Monday, April 12, 2010

Steiner-Parker Synthacon II, Contemporary Keyboard 1976

Steiner-Parker Synthacon II (aka Two Voice Synthacon) duophonic synthesizer advertisement from page 22 of Contemporary Keyboard Magazine September/October 1976.

Although this second Contemporary Keyboard magazine advertisement from Steiner-Parker may look quite different, on the surface, from their first CK ad, it is actually quite similar - and I'm not just talking about size and shape. In that first advertisement, S-P shows a little attitude by declaring that S-P is the "fastest growing synthesizer company in the world".

This ad not only brings back the attitude, they dial it up a notch. You don't have to look very hard to realize that the name of the synthesizer is no where to be found. Either they expected everyone to know what synthesizer is pictured in the ad, or it was a ploy to get people curious enough to mail in for all the details. Either way, it was a ballsy move. And even more ballsy was that S-P went on to compare this unnamed synthesizer to a very well known competitor.

So, what synthesizer was S-P promoting?

The synthesizer in the advertisement is the duophonic Synthacon II. I've noticed that many on the 'net call it the 'Two-Voice Synthacon'. I think this might be because the description of the keyboard on the 1975 price list some people reference is:
"TWO VOICE SYNTHACON: The SYNTHACON II is identical to the monophonic version described below, except that when two keys are depressed, it plays two notes."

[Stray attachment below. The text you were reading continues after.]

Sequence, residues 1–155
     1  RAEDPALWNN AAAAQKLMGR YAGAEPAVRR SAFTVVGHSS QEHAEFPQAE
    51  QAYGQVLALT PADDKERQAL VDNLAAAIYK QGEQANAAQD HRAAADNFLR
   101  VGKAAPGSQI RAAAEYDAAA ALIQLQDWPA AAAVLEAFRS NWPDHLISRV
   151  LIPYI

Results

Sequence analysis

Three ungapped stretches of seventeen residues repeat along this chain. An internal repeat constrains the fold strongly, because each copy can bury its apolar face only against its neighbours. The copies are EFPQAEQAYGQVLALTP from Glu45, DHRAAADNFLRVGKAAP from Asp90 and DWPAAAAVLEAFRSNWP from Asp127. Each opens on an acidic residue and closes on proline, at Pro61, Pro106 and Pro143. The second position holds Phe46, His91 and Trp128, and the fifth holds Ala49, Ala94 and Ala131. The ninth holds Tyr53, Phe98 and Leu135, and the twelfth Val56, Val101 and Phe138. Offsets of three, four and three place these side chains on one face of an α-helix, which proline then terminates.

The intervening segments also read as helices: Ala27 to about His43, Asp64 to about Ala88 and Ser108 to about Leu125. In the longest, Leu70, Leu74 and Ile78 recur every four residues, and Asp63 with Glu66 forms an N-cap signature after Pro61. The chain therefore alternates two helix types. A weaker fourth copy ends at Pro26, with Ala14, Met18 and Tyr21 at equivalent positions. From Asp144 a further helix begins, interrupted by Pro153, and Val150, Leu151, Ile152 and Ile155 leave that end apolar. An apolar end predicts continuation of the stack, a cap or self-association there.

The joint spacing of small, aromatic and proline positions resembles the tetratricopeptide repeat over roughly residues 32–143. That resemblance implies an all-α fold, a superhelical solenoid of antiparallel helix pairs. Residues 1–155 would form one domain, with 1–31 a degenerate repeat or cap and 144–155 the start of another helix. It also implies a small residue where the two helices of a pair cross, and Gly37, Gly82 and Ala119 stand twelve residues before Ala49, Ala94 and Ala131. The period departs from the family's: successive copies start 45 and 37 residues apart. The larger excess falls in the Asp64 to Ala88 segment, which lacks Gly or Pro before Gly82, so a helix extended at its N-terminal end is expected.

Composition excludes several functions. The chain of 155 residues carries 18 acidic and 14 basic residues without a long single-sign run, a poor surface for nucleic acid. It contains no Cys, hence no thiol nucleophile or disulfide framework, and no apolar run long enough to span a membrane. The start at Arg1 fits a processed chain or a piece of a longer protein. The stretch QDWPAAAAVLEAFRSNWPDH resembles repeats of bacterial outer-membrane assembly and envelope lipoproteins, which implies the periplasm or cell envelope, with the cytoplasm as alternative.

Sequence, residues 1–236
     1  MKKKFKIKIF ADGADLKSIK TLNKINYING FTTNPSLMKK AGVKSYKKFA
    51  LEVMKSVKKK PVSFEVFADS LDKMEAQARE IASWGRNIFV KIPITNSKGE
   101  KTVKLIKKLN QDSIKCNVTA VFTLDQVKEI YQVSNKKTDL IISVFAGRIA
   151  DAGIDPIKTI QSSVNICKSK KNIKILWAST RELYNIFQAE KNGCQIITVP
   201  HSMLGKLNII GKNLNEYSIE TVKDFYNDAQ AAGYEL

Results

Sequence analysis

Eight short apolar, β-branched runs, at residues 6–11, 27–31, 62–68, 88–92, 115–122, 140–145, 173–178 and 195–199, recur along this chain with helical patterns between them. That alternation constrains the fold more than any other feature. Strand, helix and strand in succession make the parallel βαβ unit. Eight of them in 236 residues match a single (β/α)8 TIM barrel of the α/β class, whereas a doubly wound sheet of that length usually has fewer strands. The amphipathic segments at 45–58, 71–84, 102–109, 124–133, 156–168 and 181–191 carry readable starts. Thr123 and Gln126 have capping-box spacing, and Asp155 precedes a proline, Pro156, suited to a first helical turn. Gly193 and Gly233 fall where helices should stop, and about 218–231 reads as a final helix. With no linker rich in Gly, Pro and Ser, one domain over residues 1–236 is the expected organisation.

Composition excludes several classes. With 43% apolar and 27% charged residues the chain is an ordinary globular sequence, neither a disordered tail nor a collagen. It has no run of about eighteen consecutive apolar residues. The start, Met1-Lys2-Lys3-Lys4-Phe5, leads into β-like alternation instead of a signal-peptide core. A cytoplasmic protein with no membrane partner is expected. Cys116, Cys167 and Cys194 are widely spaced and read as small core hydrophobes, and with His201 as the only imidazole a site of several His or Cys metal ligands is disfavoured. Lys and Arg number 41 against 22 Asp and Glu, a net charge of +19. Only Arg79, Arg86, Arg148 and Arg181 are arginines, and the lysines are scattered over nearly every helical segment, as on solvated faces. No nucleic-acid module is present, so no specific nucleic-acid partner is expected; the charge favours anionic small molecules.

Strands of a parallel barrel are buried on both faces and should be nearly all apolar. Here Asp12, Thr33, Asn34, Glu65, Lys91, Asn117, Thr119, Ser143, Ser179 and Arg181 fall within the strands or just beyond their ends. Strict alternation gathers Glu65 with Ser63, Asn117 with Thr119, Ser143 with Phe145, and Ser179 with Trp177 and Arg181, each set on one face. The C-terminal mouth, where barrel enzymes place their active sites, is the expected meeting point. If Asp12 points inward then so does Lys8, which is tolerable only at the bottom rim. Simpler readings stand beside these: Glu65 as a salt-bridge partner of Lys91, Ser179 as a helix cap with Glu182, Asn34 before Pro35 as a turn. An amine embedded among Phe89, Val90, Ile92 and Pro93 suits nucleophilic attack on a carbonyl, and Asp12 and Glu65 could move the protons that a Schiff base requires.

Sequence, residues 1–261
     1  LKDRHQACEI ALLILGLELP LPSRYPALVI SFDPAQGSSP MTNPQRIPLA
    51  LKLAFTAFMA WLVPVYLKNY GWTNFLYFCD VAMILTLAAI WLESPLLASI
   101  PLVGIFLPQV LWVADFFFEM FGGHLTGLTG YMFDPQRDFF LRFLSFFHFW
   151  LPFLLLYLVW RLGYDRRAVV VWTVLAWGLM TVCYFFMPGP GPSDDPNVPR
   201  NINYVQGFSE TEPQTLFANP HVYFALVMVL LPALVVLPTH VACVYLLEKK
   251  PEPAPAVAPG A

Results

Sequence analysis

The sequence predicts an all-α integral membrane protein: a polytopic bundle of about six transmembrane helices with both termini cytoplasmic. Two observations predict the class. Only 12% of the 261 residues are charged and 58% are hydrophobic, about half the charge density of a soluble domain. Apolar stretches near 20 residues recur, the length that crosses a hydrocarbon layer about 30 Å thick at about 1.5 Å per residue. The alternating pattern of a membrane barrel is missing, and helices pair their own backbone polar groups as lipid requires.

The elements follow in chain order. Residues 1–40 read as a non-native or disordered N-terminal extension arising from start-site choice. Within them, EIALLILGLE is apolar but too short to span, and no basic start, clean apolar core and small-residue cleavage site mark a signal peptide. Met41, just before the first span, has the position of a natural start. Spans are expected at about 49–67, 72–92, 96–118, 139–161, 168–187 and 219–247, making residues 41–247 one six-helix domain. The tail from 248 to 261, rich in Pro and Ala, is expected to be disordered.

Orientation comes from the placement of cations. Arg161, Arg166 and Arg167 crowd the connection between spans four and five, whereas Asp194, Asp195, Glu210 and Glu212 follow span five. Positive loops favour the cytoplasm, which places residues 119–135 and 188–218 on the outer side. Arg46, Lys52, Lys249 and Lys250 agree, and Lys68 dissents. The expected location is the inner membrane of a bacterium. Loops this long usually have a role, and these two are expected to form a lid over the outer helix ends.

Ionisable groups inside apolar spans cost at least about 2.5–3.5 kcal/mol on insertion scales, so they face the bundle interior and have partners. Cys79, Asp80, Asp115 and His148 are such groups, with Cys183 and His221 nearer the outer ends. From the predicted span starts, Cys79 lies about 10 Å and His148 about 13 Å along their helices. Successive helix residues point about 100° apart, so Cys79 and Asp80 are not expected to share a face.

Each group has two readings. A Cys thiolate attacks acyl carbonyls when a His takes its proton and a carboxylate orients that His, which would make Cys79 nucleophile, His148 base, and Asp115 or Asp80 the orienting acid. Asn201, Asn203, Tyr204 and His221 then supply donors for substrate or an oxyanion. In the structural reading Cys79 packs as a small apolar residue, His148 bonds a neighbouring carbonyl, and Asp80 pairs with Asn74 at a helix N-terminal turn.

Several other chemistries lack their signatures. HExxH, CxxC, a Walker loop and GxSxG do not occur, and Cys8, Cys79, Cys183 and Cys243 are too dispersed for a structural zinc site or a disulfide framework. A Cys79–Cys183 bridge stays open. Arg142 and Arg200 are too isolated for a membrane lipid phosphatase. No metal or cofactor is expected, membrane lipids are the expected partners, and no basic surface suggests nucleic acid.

Sure, 'TWO VOICE SYNTHACON' is in all-caps, but that to me is more of an introductory description, and the fact that 'SYNTHACON II' is also in all-caps leads one to believe that this was the actual name of the synthesizer. Plus, it sounds cooler. :o)

The Synthacon came in both monophonic and duophonic versions. Early models featured a silver front panel, while later models, like the one photographed for this advertisement, had a black front panel.

Looking at the layout on the front panel, S-P was even ballsy when it came to the design of the Synthacon. Unlike most synthesizers that conform to the usual signal-flow lay-out from left to right (VCO --> VCF --> VCA) the Synthacon did the opposite. VCO's were located on the right side of the panel, and the graphic representation of the signal flowed to the left. Awkward during performance? Probably until you got used to it.

You can find some great photos and reference information on the Synthacon at and

In fact, you definitely have to check out the Synthacon in colour. To me, the color-coded toggle switches, especially great lookin' on the silver-faced model, are reminiscent of the colorful sliders on the earlier ARP Odyssey models.

And what synthesizer was S-P comparing the Synthacon to?

I'm thinking they are referring to the Minimoog. The Minimoog was the Big Cheese at the time. And according to my Moog 1974 price list, the monophonic Minimoog was retailing for $1595.00, while according to the S-P 1975 product list featured on, the duophonic Synthacon was going for $1395.00. So, two Mini's are going to cost you $3195 - a difference of $1795.00 for one Synthacon. Coincidence? I think not. But I'm open to other theories. And don't even start me on the drifting-oscillators jab.

Interestingly, Moog pulled a similar 'you-know-who-we-are-so-we-don't-even-have-to-tell-you-the name-of-the-synthesizer' advertising stunt years later in a 1979 Minimoog ad. And in their case, they pushed it up to a whole new level. Moog had both the reputation and silhouette-recognition factor to not even have to include their logo, let alone the model name of the synthesizer. That takes *balls*.

No comments:

Post a Comment